So my backup plan was to sit and wait, and I’d wait and wait and wait until somebody would come by. If it was a through hiker, then I’d say, Hey, I’m going to Maine, which way’s the AT? And they’d tell me. If it wasn’t a through hiker, I carried a copy of the Through Hikers Companion with me, which was the definitive guide map book, everything you would need to hike the AT. And I would simply hand it to the person and say, where am I? I need to go north. And after they got over their shock value and all of that, then they’d open my book, they’d find it, and then they’d tell me where I needed to go. There were a lot of places when I got into Northern Terminus where there was no one. I didn’t realize when I started the AT, I knew 4,000 people were going to start. So I figured there would always be somebody around, but there’s also an 80 to 90% drop off rate. So the further north I got, the fewer people there were. And by the time I hit say someplace like Massachusetts and into Vermont, everybody I’d met down in the southern part of the trail was gone, and I would go a week, two weeks with no one around.
So it was a lot of make sure I’m going in the right direction. A lot of going forward, feeling the trail with my feet. The AT, since it’s heavily travelled is a very worn trail. So I learned through the feel if I was on what I called the ‘mother’ trail, which was the AT or a side trail, which would not be as well travelled, things like that. I’ve also learned over the years to sense what sighted people see. I can use wind patterns to tell if I’m going into a valley. I’ve used the old trick that a lot of Special Forces do, am I going north by feeling the moss on the sides of trees or on the sides of rocks? There are a lot of places that it was simply I went on my gut feeling, because you go into a boulder field, which is a blind person’s worst nightmare, getting out the other side. A lot of times I’d get on the other side, but there was no trail so I’d have to go up and down the side of the boulder field until I found the trail and could keep going.
So it was a lot of trial and error, but my one rule of thumb was never go forward unless you’re absolutely positive you know which way you’re going, because I didn’t want to be the idiot that the search grid kept getting wider and wider and wider because I didn’t know where I was and I just made things worse and worse. And I also carried a little spot unit with me in case everything went sideways. And that’s a little GPS, emergency personal rescue beacon. If I really got into trouble, I could press the button and it would send out my coordinates and then my hike would be over, but at least I wouldn’t be dead.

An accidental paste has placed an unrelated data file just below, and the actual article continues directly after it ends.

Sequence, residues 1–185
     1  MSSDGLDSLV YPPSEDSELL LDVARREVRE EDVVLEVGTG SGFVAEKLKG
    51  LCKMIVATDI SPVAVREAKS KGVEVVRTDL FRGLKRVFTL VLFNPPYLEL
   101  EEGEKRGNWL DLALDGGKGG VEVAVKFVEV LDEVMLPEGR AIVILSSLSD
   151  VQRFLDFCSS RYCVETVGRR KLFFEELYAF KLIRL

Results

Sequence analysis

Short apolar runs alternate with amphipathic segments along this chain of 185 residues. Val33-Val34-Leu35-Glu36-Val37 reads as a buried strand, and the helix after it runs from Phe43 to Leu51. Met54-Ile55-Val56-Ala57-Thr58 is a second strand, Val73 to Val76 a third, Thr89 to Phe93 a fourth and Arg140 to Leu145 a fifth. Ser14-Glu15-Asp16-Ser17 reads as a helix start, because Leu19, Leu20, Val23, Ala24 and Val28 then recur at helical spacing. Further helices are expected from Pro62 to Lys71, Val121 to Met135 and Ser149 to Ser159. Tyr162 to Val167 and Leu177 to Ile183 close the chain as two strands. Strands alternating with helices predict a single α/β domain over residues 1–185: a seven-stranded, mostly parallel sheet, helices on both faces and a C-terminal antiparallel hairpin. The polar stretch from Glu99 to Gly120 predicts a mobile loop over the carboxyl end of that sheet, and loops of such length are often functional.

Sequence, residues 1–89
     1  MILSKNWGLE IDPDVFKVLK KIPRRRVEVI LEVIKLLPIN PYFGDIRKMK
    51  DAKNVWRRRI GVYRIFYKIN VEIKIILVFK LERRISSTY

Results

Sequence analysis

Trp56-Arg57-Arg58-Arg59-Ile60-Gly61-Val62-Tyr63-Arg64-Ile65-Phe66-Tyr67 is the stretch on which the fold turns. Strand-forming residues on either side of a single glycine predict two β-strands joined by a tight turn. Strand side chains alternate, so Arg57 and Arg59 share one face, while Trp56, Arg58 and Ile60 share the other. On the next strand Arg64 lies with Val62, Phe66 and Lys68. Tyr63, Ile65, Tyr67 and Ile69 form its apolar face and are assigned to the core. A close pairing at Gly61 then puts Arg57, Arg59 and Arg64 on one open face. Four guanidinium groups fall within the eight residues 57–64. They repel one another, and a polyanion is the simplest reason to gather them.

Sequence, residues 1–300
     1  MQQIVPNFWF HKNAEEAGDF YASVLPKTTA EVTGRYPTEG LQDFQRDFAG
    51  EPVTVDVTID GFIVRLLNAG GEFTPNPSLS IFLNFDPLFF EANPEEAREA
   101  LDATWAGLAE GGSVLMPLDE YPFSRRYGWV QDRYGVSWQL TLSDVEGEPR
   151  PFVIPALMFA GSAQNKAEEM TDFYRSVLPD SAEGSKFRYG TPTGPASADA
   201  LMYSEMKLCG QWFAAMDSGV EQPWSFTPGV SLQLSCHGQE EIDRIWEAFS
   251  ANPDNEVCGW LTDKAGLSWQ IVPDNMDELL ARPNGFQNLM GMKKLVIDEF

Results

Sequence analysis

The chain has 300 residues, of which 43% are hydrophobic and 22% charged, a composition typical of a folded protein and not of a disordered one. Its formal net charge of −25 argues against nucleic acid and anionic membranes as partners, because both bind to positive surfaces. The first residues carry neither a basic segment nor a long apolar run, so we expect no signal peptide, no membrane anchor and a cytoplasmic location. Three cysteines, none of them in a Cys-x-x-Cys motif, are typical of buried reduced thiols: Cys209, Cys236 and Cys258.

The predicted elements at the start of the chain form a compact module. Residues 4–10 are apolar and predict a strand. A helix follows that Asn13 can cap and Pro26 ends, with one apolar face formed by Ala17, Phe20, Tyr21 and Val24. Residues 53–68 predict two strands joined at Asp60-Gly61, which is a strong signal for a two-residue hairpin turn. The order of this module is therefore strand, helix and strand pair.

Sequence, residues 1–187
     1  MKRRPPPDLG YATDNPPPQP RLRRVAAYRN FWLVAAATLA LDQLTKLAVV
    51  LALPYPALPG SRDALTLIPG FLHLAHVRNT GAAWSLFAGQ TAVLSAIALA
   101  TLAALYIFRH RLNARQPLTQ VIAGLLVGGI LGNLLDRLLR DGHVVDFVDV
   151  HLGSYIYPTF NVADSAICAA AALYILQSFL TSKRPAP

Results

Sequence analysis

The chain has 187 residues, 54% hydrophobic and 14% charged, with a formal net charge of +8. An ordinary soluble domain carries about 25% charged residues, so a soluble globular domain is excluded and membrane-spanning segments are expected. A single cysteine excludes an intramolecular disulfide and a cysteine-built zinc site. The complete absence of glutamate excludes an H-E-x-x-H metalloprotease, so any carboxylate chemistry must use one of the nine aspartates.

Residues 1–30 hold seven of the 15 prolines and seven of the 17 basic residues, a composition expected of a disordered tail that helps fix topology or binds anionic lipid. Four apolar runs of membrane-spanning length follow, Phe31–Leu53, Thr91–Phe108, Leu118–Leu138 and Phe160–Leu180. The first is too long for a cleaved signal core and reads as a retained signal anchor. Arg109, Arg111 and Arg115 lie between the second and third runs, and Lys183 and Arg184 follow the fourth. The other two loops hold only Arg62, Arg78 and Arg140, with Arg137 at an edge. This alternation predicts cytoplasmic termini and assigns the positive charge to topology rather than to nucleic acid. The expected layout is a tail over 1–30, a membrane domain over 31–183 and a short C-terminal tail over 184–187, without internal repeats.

I started let’s see, April 6, 2008. I finished October 8, 2008, so six months and two days it took me, and a whole lot of adventures in between.
Jason: For Trevor, completing the more than 2,000 mile Appalachian Trail was a phenomenal accomplishment. But with his thrill seeking attitude, he knew he had to do more.
Trevor: After the AT, I decided I had to go farther and found out that while I was on the AT, people like to write, you know, reporters like to write stories about me and people read those stories and they watched the interviews and they listened to the radio, and some of the people that listened and watched and read were gear companies of the gear that I was wearing. So I got calls from these companies and they said, hey, what are you doing next? We would like to sponsor you. So I said, wow. Ended up finding a way that I could do what I wanted to do, what I needed to do and get paid to do it. So I took about a year to figure out how to do the next step, which in long distance hiking is part of the Triple Crown that was the PCT. It is 2,654 miles from the Mexican border into Canada. I did my research, figured out if I was going to be attempting it the way I did the AT, I would be dead very, very quickly because fewer people started the PCT when I did it than actually finished the AT.
So I called up some of my hiker friends from the AT and said, I got a crazy idea. I want to do the PCT, let’s go. So I started what I called team Pharsight, which was a group of my hiking buddies that would do anything and everything to make sure that I got to the other end of the trail and did it alive. So we did that and followed that with the John Muir trail, the AT Tahoe rim trail. I went back and did most of the AT in sections so I could actually enjoy it. Pretty much hiked anywhere and everywhere I could nonstop.